Responding to Ferguson. If you are like most, it is hard to know where to start.
I’m not qualified to give the best response to the #FergusonDecision.
Not because I’m “white”, ignorant, have no background as a police officer, and have never been arrested (although all of those are certainly true to an extent). I honestly don’t know what would qualify a person for responding to Ferguson or what would disqualify them. I truly believe all people matter and to some degree want to understand their opinion no matter what. I also know that I don’t know all there is to know about the situation (far from it actually). There is no way I could ever understand the totality of the backgrounds, frustrations, or hurts that people feel right now.
Here’s what I do know. I am a sinful man who struggles with my own shortcomings daily.
I hate the way I treat others sometimes. I love the hope in the words of others.
I hate the poor decisions I make. I love people of all colors.
I hate the way people use race to hurt others. I love the diversity of the human race.
I hate the pain people feel this week (and far more often than I know). I love expressions of forgiveness..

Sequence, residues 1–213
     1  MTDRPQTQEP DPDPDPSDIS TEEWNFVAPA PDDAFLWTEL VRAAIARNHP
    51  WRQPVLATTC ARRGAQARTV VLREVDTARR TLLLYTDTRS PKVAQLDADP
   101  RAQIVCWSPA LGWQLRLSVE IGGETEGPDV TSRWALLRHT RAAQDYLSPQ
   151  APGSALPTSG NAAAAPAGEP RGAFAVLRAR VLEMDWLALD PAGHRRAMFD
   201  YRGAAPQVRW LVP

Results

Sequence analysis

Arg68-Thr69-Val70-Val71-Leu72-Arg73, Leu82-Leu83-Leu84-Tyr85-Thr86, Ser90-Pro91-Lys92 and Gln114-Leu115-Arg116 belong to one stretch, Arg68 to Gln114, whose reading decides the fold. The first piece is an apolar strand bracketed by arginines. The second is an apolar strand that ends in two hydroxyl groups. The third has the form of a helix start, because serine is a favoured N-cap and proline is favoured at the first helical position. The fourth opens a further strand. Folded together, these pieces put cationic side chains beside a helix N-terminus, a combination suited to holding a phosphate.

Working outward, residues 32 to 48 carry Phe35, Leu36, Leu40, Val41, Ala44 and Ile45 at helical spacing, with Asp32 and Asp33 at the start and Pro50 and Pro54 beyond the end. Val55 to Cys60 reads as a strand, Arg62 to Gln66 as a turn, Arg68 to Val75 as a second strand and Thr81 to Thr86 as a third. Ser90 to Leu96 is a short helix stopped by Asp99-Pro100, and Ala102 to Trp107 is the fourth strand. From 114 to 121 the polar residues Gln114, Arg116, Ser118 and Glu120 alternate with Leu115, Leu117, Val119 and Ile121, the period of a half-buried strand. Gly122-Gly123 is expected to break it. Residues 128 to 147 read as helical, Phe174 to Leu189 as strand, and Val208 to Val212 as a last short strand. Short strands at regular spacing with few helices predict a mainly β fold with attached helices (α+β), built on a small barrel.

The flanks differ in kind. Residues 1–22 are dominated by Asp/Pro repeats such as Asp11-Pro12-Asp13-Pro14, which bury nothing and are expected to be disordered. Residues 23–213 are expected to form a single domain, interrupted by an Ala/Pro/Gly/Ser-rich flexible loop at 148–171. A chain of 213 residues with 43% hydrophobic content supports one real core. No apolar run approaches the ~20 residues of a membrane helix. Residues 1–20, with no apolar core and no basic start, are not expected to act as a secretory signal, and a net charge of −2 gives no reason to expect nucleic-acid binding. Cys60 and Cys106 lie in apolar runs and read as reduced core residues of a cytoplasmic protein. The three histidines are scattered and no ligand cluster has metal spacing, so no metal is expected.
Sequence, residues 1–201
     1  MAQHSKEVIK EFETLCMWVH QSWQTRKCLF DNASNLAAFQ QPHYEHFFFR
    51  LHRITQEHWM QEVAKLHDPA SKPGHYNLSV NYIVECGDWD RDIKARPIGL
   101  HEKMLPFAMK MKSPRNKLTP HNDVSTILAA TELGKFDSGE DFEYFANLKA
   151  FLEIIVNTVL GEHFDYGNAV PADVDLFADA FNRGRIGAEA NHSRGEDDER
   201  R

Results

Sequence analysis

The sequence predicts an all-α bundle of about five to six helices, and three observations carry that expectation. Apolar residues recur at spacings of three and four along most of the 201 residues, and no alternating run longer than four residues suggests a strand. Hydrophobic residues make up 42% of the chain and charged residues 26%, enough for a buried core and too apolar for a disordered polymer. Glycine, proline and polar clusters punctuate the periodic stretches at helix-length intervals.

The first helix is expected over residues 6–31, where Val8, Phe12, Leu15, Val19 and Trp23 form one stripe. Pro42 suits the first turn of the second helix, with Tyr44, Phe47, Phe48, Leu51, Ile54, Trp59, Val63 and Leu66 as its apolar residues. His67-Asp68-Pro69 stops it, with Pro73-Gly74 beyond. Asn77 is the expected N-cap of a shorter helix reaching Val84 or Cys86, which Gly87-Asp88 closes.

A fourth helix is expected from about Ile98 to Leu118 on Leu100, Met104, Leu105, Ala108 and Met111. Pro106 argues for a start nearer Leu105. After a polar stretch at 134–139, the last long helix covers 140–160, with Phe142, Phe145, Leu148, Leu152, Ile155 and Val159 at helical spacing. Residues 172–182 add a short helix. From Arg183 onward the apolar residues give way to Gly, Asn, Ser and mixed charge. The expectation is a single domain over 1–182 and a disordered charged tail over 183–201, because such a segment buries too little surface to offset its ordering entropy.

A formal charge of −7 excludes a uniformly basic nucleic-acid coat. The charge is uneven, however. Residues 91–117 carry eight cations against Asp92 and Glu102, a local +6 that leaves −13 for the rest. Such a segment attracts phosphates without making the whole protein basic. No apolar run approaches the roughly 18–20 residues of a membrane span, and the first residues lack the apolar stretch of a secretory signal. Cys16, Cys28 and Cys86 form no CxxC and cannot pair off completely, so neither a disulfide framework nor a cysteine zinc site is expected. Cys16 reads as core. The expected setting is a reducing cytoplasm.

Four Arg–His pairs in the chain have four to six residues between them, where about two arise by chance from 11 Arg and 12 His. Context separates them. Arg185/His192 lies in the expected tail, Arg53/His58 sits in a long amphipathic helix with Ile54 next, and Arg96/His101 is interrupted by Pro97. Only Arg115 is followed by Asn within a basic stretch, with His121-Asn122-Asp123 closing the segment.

I hate oppression and its effects. I love seeing oppressors and oppressed work together.
I hate the effects of hatred. I love the effects of love.
I am broken. But my identity is in Christ.I hate the effects of hatred. I love the effects of love. Click To Tweet
It is from this perspective that I enter the discussion. Not as someone who has alot to say. But as someone who has alot to learn. I’m embarrased to admit that much of my silence is due to my ignorance.
This post will highlight a few voices in the darkness. A few voices responding to Ferguson, who bravely spoke up when others wouldn’t, who spoke up when I wouldn’t.
None of these men and women are perfect. None of them “know it all.” None of them are the definitive answer.
“Why?” You might ask.
Because noone is “THE” answer. We are all part of “THE” answer.
If you don’t know what to say, join me in reading what others have said. Imagine what pain they have felt. Consider how you might treat another person’s interests as more important than your own (no matter what side of the situation you are on). Find a way to love someone in a way that prioritizes them over you. Find a way to listen. Find a way to love.
Responding to Ferguson – 5 Responses from Christian Leaders
“I hate systemic oppression in America. But in saying all of this, I am not condemning the actions of Darren Wilson nor am I condoning those of Mike Brown. Why does loving black people equate to hating white people in so many people’s minds?… This is not a crusade for division, but it is obvious that there still exists in America a racial divide. It’s apparent by the divide on this issue between blacks and whites all over social media. We can’t naively think that changes in voting rights forty years ago solved the problem of race…I still have hope for a dream of unity and peace.” (Lecrae) [Read the Full Article]